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Covering Conflict

Posted by Mike Robertson on September 11, 2008

What a fitting day for this event. Even seven years after the attacks, they still play such an important part in our lives, especially the video coverage of the planes crashing into the towers. Richard Reuben, one of the lecturers of the event, summed up our reflection on the attacks by saying that the media went above and beyond the call of duty of merely reporting the facts by delving deeper and finding the reasons why the attack happened.

But talking about the 9/11 attacks was only a small little part of Covering Conflict. Michael Grinfeld and Reuben took me on a whirlwind tour of the process of reporting conflict. They gave me reasons for why conflict is so integral to the profession of journalism, which I am delighted to share here. They said that conflict is everywhere, so we would lose a lot stories if we chose to ignore them and that these types of stories are unique in the fact that they allow the media to stir up trouble and escalate the people’s views (which of course could either be a good or bad thing).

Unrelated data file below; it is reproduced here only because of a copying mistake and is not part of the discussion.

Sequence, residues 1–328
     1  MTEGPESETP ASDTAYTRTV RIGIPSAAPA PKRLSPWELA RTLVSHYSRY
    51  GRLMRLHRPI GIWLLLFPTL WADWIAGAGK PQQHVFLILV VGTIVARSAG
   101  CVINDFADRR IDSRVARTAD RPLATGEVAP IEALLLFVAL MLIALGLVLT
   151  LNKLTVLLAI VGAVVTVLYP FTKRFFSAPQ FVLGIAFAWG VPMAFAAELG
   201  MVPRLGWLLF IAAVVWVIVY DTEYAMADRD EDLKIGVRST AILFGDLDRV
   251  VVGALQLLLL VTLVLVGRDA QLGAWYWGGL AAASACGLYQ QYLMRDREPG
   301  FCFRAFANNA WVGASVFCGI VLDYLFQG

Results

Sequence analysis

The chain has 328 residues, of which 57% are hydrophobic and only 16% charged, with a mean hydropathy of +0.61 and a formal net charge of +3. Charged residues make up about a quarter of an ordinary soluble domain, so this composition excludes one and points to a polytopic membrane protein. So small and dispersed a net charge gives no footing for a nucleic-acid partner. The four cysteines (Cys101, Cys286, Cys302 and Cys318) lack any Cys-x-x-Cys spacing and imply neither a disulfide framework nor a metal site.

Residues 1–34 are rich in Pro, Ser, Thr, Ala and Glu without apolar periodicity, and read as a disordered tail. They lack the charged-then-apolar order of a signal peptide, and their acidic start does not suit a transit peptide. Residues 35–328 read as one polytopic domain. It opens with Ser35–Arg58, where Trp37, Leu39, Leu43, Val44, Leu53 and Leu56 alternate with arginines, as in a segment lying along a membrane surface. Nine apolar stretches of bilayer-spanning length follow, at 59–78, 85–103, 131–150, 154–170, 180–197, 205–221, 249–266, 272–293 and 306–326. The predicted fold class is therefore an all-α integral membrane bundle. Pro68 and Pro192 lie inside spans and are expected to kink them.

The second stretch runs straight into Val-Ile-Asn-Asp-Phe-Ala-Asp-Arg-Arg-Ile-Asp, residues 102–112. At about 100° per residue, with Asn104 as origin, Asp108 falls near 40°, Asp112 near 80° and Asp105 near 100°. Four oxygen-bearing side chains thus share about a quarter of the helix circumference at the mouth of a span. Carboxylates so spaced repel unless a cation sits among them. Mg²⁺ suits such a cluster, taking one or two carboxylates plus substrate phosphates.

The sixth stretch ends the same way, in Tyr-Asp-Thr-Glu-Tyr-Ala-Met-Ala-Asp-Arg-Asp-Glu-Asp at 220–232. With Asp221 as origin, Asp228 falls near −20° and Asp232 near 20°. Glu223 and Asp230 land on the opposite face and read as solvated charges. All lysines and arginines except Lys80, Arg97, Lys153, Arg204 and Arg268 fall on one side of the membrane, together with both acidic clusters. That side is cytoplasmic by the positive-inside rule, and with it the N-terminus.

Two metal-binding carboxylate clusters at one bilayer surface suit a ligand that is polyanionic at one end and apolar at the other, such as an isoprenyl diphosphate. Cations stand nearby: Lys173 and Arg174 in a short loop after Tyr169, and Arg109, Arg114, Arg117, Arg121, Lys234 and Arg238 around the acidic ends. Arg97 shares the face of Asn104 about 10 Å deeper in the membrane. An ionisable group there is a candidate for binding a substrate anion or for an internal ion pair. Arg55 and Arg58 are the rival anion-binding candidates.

The one thing that blew me away was that they basically said that media is doing almost everything wrong right now, that they’re not covering conflict very well right now. They said that most news consists of the process of the conflict (merely reporting what happened) without necessarily understanding why it happened. They also said the 5W&H method leads to episodic coverage, only telling a part of the story, which definitely creates a problem. They really emphasized substance over process, which is one of the biggest things I walked away with.

The biggest thing they said other than that talks about journalism in general and it goes like this: “No journalism is done alone” although “self-interest permeates everything we do.”

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